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School of Business | Department of Finance | Finance | 2012
Thesis number: 13036
Determinants of microinsurance demand: evidence from a micro life scheme in Indonesia
Author: Huber, Fabian
Title: Determinants of microinsurance demand: evidence from a micro life scheme in Indonesia
Year: 2012  Language: eng
Department: Department of Finance
Academic subject: Finance
Index terms: rahoitus; financing; vakuutukset; insurances; lainat; loans; köyhyys; poverty; Indonesia; Indonesia
Pages: 107
Full text:
» hse_ethesis_13036.pdf pdf  size:2 MB (1319071)
Key terms: microfinance, microinsurance, insurance, Bottom-of-the-Pyramid, data collection,Probit regression, Indonesia
Abstract:
The objective of this research is to identify and evaluate socio-economic determinants of micro life insurance demand in Indonesia. The study is motivated by the fact that, while microinsurance is considered to facilitate poverty alleviation and economic development in emerging economies, take-up rates remain behind projections. To attract the required private capital needed for the provision of financial access and market development, however, high take-up rates are essential to create a commercially viable business opportunity. This study aims to provide insight in customer characteristics which cause actual microinsurance take-up and, thereby, facilitate more effective product design and distribution to seize the opportunities in microinsurance.

For this study a sample of 208 microfinance customers was collected through personally-administered questionnaires in the urban and semi-urban area of Jakarta, Indonesia. All interviewees were previously offered to participate in a micro life insurance program. About half of the sample decided to participate while the other half abstained from the program. Based on the socio-economic household data gathered in the field study, factors influencing the demand for microinsurance are determined through econometric analysis.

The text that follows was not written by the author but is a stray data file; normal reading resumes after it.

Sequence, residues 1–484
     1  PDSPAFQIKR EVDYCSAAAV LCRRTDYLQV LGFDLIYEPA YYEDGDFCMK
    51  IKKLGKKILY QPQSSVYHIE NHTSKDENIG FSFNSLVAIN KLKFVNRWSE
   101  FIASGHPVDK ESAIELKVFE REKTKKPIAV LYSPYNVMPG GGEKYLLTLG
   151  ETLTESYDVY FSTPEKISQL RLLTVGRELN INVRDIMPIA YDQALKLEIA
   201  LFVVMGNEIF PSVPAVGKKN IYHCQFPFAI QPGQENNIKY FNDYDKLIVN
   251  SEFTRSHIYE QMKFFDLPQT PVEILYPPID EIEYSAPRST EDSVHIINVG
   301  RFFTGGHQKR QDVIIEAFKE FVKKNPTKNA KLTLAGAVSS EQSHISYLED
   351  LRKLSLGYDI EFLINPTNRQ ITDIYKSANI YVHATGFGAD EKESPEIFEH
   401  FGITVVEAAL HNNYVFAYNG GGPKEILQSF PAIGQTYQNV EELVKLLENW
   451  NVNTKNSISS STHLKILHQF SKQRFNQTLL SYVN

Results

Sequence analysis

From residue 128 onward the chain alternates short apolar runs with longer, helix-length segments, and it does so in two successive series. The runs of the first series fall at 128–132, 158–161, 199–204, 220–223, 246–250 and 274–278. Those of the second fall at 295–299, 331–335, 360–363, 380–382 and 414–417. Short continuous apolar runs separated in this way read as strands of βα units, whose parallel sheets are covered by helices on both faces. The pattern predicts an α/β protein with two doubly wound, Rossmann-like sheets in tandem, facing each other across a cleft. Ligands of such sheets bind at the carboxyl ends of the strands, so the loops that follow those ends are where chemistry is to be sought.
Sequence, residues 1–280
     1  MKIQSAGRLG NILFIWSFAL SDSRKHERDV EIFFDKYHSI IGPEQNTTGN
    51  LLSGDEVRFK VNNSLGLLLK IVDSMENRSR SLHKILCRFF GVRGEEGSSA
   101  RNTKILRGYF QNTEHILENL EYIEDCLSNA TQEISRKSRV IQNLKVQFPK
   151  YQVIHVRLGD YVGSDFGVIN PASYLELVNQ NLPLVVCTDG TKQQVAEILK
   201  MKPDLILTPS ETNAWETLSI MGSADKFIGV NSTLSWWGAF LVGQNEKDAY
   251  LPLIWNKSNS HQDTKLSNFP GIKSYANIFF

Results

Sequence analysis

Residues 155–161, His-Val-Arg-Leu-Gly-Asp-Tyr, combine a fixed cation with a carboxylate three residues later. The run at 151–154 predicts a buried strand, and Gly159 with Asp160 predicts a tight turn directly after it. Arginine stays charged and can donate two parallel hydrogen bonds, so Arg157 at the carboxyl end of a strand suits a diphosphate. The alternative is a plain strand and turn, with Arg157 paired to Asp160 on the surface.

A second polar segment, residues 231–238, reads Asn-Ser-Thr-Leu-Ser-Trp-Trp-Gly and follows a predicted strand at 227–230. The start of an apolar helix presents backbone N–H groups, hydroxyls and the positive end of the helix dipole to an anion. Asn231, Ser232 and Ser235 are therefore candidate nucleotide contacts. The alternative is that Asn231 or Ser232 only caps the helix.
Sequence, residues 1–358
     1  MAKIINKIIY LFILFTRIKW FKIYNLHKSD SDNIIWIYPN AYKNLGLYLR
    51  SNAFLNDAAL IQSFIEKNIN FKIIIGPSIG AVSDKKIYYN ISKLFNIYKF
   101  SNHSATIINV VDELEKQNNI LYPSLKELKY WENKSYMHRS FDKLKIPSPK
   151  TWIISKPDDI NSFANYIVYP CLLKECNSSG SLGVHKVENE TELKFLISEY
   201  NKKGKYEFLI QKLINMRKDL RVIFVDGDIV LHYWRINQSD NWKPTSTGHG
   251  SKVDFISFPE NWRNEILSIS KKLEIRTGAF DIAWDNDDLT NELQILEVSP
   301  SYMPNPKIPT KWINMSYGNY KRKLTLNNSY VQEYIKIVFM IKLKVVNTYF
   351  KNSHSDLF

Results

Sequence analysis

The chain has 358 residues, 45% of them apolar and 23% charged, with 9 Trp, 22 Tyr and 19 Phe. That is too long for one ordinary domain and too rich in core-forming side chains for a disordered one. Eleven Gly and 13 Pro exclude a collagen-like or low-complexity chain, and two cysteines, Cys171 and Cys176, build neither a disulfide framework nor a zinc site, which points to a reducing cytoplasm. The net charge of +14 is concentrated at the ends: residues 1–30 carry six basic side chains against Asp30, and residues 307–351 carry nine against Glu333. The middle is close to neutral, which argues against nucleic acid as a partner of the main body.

The results of this thesis, based on marginal effects probit regression analysis, support earlier findings regarding the positive influence of education and household wealth on life insurance uptake. In addition, economic capacity measurements deemed more appropriate for low-income households are introduced and corroborate an unambiguous strong positive influence of households' relative economic capacity. Further, positive influence is found for respondents' financial literacy and product understanding as well as client trust attitude and brand recognition. A strong negative life-cycle effect is revealed when taking into account economic self-sufficiency of dependents.
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